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DDoS Attacks: How They Are Evolving

With almost all businesses moving online, what would happen if it was unavailable even for a few hours in a day? Business would slump, leads would be lost, new business relationships cannot be forged, profits would fall and this may lead to other disasters within the organization as well. This is exactly what could happen if there was a DDoS attack on an organization that is solely dependent on its online model for its business.

For the security conscious, individuals and organization, ‘DoS’ attacks and ‘DDoS’ attacks are not new. In a ‘Denial of service’ attack or DoS attack the host is bombarded with multiple TCP/UDP packets from a single computer and a single Internet connection. The host is unable to handle the hundreds and thousands of fake requests and the site slows down or totally crashes.

DDoS or the ‘Distributed Denial of service attack’ on the other hand is closely related to the DoS attack but is much more, fierce. In a DDoS atack, instead of one attacker, a few attackers try to overwhelm and bring down a system by making use of multiple computers and multiple Internet connections around the world.  A master computer gives directions to other slave computers and they in turn will cripple financial systems or ruin major corporations. It is much more difficult to recover from a DDoS attack as it is harder to locate the origin of the attack.

Some statistics related to DDoS attacks:-

  • Some recent examples of DDoS attacks are the GitHub attack (February 2018) which saw traffic at a rate of 1.3 Terabytes/sec, Telegram attack in June 2019 and Brian Krebs site attack in 2016.
  • China was a popularly targeted region followed by the USA and Hong Kong
  • Sundays were dull days for DDoS attacks and Mondays were the most active for the second quarter of 2019
  • The duration of attacks that lasted for 4 hours or more increased in the second quarter of 2019 (DDoS attacks in Q2 2019, 2019)
  • It is also interesting to note that a large DDoS attack on an organization is mostly recognized only by the customers and clients of the organization when they probably notice a downed server and not by the organization itself.

Having seen the definitions and statistics related to DDoS, let us dive into the changes in the DDoS attacks.

Changes in DDoS attacks:

Technology changes and so do hackers and their strategies. With most businesses aware of DDoS attacks today, they are better prepared to handle the attacks. However, while large scale attacks are easier to detect and mediate, there have been more, smaller DDoS attacks on the scene. These smaller attacks do not trigger any defenses on the organization’s end. They are also shockingly stated to be detected only by 28% of businesses! According to Neustar Q2, 2019 Cyber Threats and trends report, smaller attacks can be carried against specific services, gateways, applications, and Application Programming Interfaces (API) (Q2, 2019 CYBER THREATS AND TRENDS REPORT)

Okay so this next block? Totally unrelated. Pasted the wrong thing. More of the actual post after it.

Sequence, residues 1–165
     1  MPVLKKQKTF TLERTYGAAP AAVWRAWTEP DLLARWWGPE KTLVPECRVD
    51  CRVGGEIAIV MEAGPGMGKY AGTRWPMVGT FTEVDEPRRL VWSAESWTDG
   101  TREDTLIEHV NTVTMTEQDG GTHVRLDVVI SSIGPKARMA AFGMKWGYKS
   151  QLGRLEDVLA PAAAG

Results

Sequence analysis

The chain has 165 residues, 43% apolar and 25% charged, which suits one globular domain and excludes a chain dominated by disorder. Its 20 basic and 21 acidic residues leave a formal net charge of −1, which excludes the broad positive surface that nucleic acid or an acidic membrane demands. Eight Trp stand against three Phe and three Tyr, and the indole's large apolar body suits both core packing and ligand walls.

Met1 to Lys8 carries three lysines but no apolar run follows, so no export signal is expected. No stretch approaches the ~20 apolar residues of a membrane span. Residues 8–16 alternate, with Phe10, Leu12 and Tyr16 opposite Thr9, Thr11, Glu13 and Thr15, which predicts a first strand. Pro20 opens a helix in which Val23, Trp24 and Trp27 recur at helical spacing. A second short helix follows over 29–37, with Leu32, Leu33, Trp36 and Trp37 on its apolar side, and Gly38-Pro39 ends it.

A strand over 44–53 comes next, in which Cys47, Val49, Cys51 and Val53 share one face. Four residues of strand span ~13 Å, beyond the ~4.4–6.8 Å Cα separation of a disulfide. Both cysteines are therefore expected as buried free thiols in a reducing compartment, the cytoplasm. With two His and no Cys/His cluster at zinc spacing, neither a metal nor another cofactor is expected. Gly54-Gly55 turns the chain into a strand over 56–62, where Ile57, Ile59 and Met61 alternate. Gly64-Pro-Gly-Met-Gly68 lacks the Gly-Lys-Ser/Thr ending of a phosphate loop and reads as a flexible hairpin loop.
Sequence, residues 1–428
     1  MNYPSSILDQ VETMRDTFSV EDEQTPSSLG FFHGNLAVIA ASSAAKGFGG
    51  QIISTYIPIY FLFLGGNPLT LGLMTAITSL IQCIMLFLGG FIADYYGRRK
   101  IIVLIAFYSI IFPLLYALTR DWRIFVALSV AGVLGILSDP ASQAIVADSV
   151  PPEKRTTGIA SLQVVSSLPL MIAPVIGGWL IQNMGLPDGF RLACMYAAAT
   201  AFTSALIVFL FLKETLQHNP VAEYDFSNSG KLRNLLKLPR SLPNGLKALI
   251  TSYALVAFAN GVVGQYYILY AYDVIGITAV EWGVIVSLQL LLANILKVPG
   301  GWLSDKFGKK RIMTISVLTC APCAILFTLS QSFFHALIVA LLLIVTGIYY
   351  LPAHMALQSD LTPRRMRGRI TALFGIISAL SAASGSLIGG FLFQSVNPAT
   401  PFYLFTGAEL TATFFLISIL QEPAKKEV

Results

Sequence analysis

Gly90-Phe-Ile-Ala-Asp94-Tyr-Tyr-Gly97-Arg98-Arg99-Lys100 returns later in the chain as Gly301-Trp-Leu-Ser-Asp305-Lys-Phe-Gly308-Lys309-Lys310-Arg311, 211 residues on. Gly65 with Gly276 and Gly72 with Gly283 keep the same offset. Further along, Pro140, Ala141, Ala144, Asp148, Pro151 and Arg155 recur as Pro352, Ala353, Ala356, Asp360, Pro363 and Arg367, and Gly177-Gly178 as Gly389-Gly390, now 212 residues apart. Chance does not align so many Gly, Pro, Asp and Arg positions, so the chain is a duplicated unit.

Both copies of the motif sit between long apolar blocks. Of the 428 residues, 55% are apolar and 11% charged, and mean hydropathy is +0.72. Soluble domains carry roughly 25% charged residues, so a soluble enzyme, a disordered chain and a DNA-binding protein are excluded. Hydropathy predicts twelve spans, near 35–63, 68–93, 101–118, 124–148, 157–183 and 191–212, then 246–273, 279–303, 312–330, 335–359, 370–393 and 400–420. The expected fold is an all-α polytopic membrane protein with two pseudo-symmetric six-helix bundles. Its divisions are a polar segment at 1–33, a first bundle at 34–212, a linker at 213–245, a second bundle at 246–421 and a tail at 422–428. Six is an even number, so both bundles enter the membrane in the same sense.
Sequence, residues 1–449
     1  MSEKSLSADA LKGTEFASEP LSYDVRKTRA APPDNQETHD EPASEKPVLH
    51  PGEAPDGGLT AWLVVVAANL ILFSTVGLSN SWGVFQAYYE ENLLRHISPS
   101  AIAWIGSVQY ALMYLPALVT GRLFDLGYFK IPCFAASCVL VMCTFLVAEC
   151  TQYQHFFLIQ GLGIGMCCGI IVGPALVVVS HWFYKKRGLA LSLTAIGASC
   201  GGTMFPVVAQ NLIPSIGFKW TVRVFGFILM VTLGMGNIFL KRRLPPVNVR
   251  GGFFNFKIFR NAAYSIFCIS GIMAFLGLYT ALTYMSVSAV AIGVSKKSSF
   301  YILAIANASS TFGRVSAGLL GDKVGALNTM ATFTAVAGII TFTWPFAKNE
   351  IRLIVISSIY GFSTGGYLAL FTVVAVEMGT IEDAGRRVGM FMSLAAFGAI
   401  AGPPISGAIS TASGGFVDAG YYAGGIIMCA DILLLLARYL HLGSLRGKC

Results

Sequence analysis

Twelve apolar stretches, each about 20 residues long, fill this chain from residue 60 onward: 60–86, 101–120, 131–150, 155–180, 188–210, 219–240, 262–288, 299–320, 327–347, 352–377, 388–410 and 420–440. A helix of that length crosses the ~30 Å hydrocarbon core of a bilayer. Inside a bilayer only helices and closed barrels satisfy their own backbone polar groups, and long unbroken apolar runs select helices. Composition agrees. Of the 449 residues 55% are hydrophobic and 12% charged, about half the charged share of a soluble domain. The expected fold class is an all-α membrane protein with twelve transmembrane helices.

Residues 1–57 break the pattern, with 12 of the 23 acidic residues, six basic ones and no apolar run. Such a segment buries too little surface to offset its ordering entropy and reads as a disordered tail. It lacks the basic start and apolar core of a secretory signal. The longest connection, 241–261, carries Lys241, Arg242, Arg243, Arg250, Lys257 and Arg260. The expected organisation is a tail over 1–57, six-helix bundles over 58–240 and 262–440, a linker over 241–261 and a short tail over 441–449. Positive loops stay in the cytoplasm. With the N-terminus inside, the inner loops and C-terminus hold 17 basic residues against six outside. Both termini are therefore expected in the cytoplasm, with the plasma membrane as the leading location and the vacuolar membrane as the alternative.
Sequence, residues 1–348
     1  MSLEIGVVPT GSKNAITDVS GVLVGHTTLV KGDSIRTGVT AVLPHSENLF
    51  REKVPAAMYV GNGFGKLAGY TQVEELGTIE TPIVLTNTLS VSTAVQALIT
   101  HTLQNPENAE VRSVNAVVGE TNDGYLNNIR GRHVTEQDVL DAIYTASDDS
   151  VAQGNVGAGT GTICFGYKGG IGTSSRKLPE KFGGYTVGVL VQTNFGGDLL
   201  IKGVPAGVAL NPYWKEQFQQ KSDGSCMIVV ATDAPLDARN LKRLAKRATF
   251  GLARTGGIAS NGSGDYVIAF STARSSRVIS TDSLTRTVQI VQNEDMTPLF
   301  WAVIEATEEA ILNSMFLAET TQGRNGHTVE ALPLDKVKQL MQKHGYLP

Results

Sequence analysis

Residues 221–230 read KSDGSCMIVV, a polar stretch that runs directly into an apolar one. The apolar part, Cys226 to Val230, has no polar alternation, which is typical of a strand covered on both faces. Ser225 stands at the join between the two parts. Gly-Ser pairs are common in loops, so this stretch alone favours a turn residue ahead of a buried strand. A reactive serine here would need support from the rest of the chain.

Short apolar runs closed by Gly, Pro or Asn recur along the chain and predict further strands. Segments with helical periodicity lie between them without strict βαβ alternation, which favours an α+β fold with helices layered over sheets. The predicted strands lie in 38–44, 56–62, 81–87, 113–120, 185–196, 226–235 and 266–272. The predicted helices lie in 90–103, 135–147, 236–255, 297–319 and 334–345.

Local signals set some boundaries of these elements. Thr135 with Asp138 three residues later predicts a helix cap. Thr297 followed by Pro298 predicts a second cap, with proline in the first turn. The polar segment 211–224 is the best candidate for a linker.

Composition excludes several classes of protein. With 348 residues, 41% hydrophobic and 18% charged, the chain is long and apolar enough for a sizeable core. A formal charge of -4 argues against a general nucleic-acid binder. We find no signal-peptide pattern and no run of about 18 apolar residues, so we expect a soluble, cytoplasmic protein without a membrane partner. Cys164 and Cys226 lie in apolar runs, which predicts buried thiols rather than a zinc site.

These smaller attacks are used by hackers to proliferate, systems and install malware. They also cause the system to slow down thus degrading the process of the site.

How to handle the DDoS attacks:

Given the changes in DDoS strategies, it is good to find the valuable assets in an organization and place it under “always-on” DDoS mitigation strategy. Once done, the traffic has to be monitored to analyze it completely. This will lead to a conclusion as to whether the valuable assets have to be constantly under the “always-on” category or other resources also, have to be protected.

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Bibliography

DDoS attacks in Q2 2019. (2019, August 5).

Retrieved from securelist.com: https://securelist.com/ddos-report-q2-2019/91934/

Q2, 2019 CYBER THREATS AND TRENDS REPORT. (n.d.). Retrieved from Neustar.com: https://ns-cdn.neustar.biz/creative_services/biz/neustar/www/resources/whitepapers/it-security/neustar-q2-2019-cyber-threats-and-trends-report.pdf?_ga=2.174411234.1500557722.1565942871-685205413.1565805427

 

 

 

AUTHOR
Jayanthi Manikandan ( )
Writer And Editor
Jayanthi Manikandan has a Master’s degree in Information systems with a specialization in Information Assurance from Walsh college, Detroit, MI. She is passionate about Information security and has been writing about it for the past 6 years. She is currently ‘Security researcher at InfoSec train. 
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